When I was twelve years old, I had a fastball you wouldn’t believe.
That is, you wouldn’t believe anyone would call it a “fastball” if you saw how slowly it traveled.
I had great control, rarely walking anybody, but I had no curveball, no slider, no screwball…just a not-so-fast fastball and a change-up that defied the laws of physics by being even slower. I swear I saw batters salivating while they were on deck.
I did make the All-Star team that year, but not for my pitching acumen. My team never won a game while I was on the mound. One time, I got hit in the leg by a line drive that was hit so hard, it tore a hole in my sock. If you’re imagining Charlie Brown getting knocked off the mound, you’re on the right track. The only difference is that I had more hair.
Then, when I was thirteen, I advanced to a new league and got a new coach: Mr. Dawson. For some reason, he kept using me as a pitcher and seemed to make it a personal mission to get me my first win. He was so encouraging, I started to believe that it was possible.
And lo and behold, as the season was winding down, it happened. Our team won the game with me as the official winning pitcher. I don’t remember the score of the game. I don’t remember where it happened or who it was against. But I do remember how proud Mr. Dawson was, and how good it made me feel to reward him for all his encouragement and belief in me. And that confidence he instilled in me lasted long after my pitching career ended.
I heard once that the devil’s favorite weapon is discouragement.
I remember thinking how unimpressive that sounded. Surely there were higher profile, more obviously devastating, headline-grabbing tools at his disposal. Discouragement? It sounded pretty wimpy to me.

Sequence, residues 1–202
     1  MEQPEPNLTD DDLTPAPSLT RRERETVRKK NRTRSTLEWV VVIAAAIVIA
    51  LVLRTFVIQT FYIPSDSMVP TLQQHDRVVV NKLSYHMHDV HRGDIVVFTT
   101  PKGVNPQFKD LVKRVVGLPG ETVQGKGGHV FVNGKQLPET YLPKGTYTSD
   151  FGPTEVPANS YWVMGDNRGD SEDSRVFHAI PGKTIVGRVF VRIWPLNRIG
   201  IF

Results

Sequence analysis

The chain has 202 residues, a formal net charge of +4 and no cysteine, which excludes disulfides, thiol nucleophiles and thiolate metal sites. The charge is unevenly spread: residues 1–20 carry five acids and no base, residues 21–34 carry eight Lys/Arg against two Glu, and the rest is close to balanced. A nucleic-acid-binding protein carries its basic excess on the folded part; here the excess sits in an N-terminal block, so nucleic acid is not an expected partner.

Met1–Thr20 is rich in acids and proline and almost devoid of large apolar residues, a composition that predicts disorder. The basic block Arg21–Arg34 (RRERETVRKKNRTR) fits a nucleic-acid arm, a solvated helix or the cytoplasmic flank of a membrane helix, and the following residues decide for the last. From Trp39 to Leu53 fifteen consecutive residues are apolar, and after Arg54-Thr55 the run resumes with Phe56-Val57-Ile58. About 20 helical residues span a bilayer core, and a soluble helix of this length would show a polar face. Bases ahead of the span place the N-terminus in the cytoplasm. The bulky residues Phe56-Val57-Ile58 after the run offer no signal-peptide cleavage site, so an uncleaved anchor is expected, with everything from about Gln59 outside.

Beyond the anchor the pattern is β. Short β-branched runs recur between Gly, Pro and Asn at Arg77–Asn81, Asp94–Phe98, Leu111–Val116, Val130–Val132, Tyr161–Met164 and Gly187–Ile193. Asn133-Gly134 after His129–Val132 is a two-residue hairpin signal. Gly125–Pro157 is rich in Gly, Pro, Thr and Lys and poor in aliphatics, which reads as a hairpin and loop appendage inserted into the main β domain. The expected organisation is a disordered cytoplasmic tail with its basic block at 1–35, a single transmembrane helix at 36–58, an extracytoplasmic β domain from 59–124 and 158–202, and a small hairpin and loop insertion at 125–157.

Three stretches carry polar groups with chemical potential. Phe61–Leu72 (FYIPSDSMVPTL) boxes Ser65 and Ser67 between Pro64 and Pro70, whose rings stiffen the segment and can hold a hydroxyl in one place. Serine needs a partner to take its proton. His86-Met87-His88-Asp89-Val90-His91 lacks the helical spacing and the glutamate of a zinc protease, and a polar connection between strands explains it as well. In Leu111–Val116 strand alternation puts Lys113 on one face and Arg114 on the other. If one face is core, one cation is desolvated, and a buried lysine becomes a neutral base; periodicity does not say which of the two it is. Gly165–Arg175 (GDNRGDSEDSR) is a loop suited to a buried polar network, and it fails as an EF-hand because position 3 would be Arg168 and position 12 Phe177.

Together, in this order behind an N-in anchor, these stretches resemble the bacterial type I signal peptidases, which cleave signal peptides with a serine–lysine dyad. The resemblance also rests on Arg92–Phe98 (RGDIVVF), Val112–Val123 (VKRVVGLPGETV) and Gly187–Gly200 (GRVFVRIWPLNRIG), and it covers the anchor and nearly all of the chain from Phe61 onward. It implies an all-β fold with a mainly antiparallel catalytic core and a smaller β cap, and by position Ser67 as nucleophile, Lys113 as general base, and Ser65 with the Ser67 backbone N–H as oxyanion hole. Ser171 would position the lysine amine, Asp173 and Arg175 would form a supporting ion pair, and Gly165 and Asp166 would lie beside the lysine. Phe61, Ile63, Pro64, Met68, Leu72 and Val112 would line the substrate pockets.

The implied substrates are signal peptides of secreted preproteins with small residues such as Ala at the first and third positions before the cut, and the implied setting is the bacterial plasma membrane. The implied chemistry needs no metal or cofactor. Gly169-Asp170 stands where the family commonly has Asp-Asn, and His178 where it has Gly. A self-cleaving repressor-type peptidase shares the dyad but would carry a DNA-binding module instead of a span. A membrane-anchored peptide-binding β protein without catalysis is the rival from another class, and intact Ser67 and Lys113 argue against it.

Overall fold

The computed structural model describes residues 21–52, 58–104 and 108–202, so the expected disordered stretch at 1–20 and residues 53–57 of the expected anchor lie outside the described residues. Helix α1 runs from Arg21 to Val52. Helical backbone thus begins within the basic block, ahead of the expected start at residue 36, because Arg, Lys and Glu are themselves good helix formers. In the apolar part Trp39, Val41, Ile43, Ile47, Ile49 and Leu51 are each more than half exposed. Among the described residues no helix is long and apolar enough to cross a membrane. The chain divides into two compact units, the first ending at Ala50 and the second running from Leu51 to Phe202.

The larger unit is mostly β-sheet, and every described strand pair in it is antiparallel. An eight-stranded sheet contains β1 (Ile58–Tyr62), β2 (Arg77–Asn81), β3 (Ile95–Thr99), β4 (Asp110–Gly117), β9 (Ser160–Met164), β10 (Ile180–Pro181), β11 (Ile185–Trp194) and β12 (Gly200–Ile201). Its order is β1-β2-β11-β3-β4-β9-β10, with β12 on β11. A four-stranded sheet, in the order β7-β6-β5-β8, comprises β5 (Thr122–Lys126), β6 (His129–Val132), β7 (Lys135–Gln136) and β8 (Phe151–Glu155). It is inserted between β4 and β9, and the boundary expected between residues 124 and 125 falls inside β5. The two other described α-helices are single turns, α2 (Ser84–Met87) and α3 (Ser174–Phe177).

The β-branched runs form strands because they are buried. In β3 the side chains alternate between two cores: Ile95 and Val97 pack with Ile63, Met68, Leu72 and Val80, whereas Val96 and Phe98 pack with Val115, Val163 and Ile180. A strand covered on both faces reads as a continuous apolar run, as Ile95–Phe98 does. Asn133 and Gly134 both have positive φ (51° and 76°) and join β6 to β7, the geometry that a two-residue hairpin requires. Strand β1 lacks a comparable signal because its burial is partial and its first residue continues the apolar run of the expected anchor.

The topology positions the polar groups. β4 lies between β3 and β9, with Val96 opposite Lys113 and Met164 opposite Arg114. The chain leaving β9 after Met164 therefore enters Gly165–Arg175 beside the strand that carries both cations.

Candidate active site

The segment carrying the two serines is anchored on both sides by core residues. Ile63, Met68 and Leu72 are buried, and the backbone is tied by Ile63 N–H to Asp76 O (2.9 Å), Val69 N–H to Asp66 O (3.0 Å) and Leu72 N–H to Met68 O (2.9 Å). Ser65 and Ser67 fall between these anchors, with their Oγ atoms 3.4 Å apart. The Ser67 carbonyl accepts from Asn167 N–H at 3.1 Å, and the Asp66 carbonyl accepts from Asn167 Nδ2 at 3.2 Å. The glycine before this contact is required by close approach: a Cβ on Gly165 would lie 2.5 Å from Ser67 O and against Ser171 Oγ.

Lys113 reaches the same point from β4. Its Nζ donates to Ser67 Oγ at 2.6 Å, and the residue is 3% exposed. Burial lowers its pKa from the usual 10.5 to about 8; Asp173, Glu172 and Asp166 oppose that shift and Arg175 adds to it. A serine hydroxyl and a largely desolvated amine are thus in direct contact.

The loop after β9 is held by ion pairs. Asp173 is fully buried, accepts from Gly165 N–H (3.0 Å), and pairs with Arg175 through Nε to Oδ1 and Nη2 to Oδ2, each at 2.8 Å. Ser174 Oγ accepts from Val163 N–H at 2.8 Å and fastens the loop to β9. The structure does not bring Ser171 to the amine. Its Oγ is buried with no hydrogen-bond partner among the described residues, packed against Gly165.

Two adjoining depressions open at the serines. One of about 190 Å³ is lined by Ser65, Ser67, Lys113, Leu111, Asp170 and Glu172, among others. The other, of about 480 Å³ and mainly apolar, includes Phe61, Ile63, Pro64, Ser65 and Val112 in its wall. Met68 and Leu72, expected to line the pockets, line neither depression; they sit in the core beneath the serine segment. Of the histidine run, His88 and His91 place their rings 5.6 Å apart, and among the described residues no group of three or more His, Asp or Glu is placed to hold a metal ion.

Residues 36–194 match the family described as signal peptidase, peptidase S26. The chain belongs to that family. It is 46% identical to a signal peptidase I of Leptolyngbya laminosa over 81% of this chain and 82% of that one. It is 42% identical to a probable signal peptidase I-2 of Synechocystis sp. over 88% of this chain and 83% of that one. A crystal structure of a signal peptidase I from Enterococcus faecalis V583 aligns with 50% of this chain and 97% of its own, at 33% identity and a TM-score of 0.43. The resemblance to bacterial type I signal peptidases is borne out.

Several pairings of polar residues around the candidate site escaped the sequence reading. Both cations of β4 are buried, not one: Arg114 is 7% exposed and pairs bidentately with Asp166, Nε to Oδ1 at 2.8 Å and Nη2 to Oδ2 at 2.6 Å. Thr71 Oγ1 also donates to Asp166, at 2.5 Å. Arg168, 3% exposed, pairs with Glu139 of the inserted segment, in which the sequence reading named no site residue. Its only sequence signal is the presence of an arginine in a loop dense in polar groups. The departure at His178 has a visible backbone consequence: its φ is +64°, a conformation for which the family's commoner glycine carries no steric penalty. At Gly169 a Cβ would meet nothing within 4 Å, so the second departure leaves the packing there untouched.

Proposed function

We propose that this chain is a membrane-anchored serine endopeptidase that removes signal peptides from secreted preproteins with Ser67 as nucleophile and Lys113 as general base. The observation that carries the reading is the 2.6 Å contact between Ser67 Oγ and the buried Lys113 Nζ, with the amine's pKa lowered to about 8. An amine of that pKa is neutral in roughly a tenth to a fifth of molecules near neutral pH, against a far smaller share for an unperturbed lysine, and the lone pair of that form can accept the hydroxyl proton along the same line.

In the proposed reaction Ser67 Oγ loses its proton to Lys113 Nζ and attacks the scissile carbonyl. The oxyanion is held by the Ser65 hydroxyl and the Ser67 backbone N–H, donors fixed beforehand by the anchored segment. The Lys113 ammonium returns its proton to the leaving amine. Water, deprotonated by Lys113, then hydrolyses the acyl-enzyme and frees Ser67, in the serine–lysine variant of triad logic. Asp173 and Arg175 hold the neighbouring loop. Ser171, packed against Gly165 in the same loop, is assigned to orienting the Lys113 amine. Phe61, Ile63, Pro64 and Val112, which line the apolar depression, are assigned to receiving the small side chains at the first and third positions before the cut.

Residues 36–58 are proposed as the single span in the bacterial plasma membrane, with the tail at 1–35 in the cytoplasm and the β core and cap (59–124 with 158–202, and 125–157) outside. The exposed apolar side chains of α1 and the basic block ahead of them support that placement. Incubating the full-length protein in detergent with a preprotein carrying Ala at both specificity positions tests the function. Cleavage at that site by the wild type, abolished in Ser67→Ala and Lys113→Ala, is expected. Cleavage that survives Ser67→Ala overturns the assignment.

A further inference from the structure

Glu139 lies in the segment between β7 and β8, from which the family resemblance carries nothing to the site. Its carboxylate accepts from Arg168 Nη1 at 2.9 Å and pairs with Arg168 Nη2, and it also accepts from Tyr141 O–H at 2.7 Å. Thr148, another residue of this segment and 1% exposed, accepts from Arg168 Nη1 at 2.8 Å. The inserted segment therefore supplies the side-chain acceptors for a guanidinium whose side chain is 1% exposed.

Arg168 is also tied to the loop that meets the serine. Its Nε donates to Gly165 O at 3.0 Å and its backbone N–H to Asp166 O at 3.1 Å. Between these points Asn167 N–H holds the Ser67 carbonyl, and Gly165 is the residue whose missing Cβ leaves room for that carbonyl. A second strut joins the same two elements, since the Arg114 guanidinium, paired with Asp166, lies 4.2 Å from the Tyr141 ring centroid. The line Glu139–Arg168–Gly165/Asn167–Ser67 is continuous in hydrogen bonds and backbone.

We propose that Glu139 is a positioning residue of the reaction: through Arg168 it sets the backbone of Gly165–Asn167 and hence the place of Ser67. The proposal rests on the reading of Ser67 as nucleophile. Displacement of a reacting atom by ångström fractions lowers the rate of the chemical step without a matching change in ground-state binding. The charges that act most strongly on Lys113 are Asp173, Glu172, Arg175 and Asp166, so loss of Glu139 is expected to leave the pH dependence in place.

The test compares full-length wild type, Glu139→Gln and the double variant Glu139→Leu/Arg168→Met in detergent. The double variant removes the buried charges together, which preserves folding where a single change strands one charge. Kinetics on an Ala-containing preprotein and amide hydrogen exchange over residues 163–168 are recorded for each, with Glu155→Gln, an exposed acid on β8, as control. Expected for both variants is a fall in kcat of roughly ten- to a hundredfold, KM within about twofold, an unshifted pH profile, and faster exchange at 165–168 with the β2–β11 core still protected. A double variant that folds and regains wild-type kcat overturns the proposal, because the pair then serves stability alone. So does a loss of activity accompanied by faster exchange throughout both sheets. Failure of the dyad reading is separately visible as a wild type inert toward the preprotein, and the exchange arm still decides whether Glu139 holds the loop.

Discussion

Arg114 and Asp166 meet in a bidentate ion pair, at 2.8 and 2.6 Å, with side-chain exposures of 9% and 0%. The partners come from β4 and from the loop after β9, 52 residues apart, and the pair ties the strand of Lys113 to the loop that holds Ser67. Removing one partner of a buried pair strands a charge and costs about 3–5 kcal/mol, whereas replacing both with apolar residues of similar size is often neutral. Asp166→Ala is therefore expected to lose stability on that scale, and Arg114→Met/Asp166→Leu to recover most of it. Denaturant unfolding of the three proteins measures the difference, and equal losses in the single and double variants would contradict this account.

I’ve now come to see it as a colorless, odorless, poison: completely untraceable and devastatingly lethal.
Dictionaries define discourage as “depriving of courage or hope; to cause someone to lose confidence or enthusiasm.” When you consider that the roots of the word “enthusiasm” are “en” and “theos,” which means “God within,” you can begin to see how destructive discouragement really is.
It is scattered by the enemy like invisible seeds, taking root and sprouting into cynicism, choking out hope. Our inner monologue is fed an unending stream of discouragement every day, as lies masquerading as truth:
You failed. That means you’re a failure.
You’re not making any progress.
You don’t have what it takes.
You shouldn’t even bother.
You’re kidding yourself.
Who do you think you are?
What difference will it make?
Why bother trying?
Any of those sound familiar?
You can reach the point where you’ve been bombarded by so much discouragement, it becomes a habit to look for evidence proving discouragement right, blinding you from opportunities to prove it wrong.
When hope is snuffed out…it’s game over. And the devil wins.
This is why encouragement is one of the most powerful weapons we have at our disposal. Mr. Dawson used it with remarkable results, as did every other great teacher and mentor I’ve had in my life. Their encouragement gave me fuel to keep going until I could eventually see the truths about myself they saw first. If you’re sincere, it’s practically impossible to overdo it.
Each day is a mixture of good and evil. Encouragers are there to remind us of the reasons for hope.
And you don’t need to have any real skill to wield it. You don’t need to wait until you have it all figured out. You don’t even need to be free from discouragement yourself. In fact, one of the best ways to strike out your own discouragement is by encouraging someone else.
It’s possible to change someone’s life. Most of the time it starts with changing their day first.
Who needs a word of encouragement from you today?